Subversive sculptor Ugo Rondinone is best known in New York for the blasphemous message he scrawled across the New Museum when it opened three years ago. “HELL, YES!” the neon rainbow screamed over the Bowery. Now, Mr. Rondinone is taking a more reverent place on another New York thoroughfare. He has just bought a defunct church on Fifth Avenue in Harlem.
According to the brokers who sold 2050 Fifth Avenue, Mr. Roninone plans to transform the church into some sort of community cultural space. “It was a very busy listing, Louis probably showed it to 80 different groups,” Alan Miller of Eastern Consolidated told The Observer. Louis would be Louis Ricci, the Eastern director in charge of the deal. “When it finally sold,” Mr. Miller continued, “the neighbors were very happy to know it would be something for the community.” (Mr. Rondinone was traveling this afternoon and could not immediately be reached for comment.)
The 48-year-old Swiss-born artist works in all manner of media, and in addition to his candy-colored syllogism signs, he is well-known for a series of humanoid sculptures reminiscent of Dr. Seuss or Tim Burton. Mr. Rondinone paid $2.775 million for the former church, according to city records, in a deal that appears to have been all-cash.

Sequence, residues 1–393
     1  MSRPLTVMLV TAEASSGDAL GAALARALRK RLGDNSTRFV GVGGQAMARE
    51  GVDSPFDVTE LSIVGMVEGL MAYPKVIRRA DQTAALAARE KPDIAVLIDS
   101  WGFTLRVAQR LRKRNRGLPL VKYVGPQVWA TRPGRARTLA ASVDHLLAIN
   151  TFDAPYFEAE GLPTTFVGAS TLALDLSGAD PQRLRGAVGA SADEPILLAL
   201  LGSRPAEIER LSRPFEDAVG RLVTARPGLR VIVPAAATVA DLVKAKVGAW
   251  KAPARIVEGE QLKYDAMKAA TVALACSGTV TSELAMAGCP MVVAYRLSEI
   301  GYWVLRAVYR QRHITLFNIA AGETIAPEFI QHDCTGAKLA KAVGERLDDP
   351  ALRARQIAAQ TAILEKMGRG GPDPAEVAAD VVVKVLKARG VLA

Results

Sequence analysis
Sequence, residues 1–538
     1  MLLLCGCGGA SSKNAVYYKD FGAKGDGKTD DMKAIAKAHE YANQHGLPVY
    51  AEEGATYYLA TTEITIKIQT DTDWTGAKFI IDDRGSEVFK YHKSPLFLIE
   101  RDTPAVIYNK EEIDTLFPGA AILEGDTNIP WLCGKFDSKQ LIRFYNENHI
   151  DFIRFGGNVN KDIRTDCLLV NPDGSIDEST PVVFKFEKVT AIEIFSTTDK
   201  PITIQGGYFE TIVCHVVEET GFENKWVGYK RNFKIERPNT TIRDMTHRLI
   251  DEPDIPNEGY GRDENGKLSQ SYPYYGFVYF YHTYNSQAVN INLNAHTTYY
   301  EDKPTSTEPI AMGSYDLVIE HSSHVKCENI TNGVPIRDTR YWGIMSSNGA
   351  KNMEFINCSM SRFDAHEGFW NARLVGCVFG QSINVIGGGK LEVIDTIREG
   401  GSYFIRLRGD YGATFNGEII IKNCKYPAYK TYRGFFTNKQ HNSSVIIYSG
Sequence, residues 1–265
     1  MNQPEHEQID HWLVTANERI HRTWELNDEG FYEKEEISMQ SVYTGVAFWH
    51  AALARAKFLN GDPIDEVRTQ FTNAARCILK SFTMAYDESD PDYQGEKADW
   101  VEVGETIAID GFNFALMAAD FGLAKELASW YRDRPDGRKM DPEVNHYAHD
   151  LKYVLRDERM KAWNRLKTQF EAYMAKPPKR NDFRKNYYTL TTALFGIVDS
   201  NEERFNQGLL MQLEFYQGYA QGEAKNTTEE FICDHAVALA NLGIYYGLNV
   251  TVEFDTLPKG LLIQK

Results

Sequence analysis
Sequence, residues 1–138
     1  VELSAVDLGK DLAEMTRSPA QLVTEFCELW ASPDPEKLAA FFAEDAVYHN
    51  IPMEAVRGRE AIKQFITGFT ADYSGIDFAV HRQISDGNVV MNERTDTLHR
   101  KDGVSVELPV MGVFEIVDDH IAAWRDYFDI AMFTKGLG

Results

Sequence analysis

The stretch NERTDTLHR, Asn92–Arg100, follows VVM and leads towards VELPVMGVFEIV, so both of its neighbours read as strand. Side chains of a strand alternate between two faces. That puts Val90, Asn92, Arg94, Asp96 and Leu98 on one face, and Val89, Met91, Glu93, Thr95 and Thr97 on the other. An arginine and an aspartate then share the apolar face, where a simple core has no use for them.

Mr. Miller said there are plans for a complete restoration of the 15,500-square-foot building, which was also looked out by other churches, synagogues, and a handful of commercial interests. Built in 1880, the former Mt. Moriah Bapstist Church was the work of prominent church architect Henry Franklin Kilburn, who designed such notable parishes as the West-Park Presbyterian Church and St. James Episcopal Church Parish House in the Bronx.
The church was auction off in July 2008, after it was foreclosed upon, and the new owners paid $480,000 for it—turning a seven-figure profit as head turning as any Sotheby’s auction. There had been concerns from the neighbors that the property might be redeveloped as a residential building. Plans existed for a six-story condo since 2006, but not it appears the space will be put to a more creative purpose than more cut-rate Harlem housing.
The property came on the market in February, and even with all the interest it had gotten, Mr. Rondinone was the first person to put in an offer. The artist, who lives in Greenwich Village, was not working with a broker, according to Mr. Miller. He simply happened by one day, saw the for-sale sign, and called Mr. Ricci up to inquire about buying it. “It was one of the easiest deals we’ve had in a while, it took just three weeks,” Mr. Miller said.